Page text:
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Compromises worked out to buffer West Colorado Avenue brewpub from residential property

The Cerberus Brewing Company proposal includes an outreach to the cycling community, as indicated by this customized fence plan for the patio next to Colorado Avenue.
Echo Architecture graphic - photographed from Springs TV
       Planning Commission inventiveness at an Aug. 20 public hearing apparently resolved the concerns of a residential landlord regarding a planned brewpub next door to her property.
       After hearing comments pro and con, the appointed body's members hammered out a set of conditions to mitigate the bar's proximity to the homes that Bonnie Olson rents out at 23 McKinley Place and 712 W. Colorado Ave.
       The proposed business, the Cerberus Brewing Company at 702 W. Colorado Ave., still needs City Council approval. That's because Cerberus' four requests for the currently vacant 9,250-square-foot property included a zone change.
       The commission members voted for that change
Jerry Morris, the principal owner of the Cerberus Brewing Company, speaks to the Planning Commission at the meeting Aug. 20. Seated in the front row behind him is Ryan Lloyd, his architect, with Echo Architecture.
Westside Pioneer photo from Springs TV
(from C-5 to C-5P, which would halve the normal parking requirements), as well as for the following:
       - A development plan, which the group amended to create a 20-foot setback with an 8-foot wall and landscaping to buffer the Olson properties from an outdoor patio that Cerberus intends to set up just west of the site's 3,538-square-foot building.
       Before the meeting, under a recommendation by City Planner Michael Turisk - in keeping with the developers' proposal - there would have been no setback at all between the patio and the homes. Some trees were to be planted and dark slats inserted in an existing three-foot-high chain-link fence along the property line, but multiple commission members were grumbling even before Olson's comments that such remedies were probably insufficient. “I'm not sure that's going to do an awful lot for sound mitigation,” commented commission member Robert Shonkwiler, speaking about the slats.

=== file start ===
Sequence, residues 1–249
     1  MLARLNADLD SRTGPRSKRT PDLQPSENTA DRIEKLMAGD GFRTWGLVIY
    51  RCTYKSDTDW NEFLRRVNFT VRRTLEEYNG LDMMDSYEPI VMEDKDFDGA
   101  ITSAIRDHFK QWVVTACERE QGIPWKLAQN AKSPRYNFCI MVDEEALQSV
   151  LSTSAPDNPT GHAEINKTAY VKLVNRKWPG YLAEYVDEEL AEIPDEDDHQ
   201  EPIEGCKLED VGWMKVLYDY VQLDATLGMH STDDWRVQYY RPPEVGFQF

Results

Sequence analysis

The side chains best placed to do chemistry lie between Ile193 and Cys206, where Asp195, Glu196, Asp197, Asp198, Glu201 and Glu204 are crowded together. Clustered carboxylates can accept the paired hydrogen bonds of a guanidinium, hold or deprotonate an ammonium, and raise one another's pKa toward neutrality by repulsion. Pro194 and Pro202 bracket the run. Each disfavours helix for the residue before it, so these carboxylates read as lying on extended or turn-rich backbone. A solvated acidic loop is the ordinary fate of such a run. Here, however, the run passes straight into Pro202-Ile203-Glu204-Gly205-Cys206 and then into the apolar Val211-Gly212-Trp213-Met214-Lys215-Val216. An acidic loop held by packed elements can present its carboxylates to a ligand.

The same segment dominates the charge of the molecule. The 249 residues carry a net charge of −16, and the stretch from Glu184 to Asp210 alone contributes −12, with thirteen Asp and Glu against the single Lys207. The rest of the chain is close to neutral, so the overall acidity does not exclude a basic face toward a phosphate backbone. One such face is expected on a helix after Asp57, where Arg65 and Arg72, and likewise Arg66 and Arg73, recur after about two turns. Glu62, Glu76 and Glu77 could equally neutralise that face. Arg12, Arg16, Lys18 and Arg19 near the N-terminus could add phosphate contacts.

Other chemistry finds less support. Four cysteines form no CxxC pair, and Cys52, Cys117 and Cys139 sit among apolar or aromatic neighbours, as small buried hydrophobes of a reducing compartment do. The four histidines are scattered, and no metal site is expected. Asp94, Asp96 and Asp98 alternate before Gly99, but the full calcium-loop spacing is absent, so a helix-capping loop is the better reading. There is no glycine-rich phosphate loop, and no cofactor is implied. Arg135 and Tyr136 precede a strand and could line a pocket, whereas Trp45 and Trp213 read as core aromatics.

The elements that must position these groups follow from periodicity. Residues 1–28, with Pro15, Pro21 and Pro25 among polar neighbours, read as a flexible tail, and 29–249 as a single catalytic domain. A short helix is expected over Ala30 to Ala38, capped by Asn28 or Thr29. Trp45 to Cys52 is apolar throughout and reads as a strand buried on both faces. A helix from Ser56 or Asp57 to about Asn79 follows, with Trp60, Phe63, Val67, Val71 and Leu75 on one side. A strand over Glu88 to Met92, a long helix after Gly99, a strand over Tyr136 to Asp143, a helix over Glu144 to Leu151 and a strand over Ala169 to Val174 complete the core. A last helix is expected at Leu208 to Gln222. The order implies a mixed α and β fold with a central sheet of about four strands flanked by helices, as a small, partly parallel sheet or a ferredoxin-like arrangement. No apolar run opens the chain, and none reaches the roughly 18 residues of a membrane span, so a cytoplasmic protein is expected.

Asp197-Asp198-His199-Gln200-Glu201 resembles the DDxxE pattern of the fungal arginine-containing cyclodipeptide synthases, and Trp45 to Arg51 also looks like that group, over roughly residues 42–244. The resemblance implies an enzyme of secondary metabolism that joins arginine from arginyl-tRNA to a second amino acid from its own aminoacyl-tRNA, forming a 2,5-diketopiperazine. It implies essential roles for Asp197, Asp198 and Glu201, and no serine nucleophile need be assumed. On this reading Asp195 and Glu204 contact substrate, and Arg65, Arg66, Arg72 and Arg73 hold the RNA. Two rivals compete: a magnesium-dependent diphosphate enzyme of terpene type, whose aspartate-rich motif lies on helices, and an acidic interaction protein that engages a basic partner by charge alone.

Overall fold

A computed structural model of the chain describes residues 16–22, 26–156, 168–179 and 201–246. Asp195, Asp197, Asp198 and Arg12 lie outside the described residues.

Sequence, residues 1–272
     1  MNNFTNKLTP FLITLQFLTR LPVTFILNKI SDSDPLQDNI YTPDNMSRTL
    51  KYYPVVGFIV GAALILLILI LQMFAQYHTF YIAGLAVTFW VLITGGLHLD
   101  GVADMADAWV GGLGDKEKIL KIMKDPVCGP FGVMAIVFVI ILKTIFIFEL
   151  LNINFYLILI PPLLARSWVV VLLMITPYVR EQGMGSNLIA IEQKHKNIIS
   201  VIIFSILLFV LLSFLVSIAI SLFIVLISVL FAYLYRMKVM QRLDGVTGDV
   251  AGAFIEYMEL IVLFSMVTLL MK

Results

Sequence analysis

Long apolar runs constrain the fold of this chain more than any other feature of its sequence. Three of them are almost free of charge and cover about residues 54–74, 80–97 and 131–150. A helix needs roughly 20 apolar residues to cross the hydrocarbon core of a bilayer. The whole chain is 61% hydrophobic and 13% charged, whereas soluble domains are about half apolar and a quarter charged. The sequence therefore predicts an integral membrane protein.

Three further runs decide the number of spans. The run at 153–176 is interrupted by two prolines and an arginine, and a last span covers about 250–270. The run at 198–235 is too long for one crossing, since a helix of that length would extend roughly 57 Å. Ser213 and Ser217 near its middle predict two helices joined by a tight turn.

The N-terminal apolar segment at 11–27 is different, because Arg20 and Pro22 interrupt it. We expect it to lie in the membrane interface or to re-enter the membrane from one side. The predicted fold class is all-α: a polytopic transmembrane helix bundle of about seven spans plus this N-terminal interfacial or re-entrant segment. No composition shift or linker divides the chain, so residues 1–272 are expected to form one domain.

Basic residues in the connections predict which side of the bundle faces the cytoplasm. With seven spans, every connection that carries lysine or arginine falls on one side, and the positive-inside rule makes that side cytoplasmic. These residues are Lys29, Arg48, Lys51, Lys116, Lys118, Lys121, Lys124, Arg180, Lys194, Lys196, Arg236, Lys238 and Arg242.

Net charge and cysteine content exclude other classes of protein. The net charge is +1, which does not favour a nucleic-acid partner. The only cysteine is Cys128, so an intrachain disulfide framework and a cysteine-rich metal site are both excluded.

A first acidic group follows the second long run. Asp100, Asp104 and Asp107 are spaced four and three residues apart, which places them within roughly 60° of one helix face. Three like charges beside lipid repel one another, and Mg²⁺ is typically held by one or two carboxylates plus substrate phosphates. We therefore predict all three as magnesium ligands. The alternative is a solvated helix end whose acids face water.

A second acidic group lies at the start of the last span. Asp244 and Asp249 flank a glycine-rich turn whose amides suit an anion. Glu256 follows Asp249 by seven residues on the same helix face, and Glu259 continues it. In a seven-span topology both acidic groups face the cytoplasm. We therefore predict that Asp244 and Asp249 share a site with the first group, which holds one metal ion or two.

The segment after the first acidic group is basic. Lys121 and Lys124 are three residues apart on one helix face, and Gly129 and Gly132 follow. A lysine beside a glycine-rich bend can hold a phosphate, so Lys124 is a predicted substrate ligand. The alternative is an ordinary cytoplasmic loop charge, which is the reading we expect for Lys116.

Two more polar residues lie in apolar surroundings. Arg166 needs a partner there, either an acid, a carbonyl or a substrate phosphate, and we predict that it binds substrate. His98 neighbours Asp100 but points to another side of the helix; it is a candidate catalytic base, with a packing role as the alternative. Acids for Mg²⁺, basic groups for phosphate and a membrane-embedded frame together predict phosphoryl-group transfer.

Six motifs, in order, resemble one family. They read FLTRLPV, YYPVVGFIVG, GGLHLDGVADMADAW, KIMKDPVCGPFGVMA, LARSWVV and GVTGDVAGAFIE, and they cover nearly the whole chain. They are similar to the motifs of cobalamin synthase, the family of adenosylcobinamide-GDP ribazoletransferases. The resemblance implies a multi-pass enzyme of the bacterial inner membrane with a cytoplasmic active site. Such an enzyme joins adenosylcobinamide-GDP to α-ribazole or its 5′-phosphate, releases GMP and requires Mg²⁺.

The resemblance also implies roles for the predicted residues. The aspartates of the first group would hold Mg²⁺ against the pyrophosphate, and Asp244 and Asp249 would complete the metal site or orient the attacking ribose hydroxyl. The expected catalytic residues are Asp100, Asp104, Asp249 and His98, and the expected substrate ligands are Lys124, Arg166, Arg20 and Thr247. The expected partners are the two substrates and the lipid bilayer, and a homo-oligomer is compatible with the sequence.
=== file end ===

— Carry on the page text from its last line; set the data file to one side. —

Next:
- A non-use variance, which would allow less than 200 feet between a liquor establishment
Bonnie Olson, who owns the residential property just west of the Cerberus Brewing Company lot, speaks at Planning Commission. Michael Turisk, the city planner assigned to the project, is seated in the front row behind her.
Westside Pioneer photo from Springs TV
and homes. This now includes conditions for no outside speakers or live music, lighting that does not go toward the homes and closure of the business by 10 p.m. Going into the meeting, the only recommended conditions had been to control the lighting and to prohibit amplified outdoor sound after 9 p.m.
       The fourth Cerberus request was for a “vacation of right of way,” (asking the city to give up a public alley that bisects the northerly end of the property), but the commission was not convinced this was needed, and the developer did not argue otherwise. So it was voted down.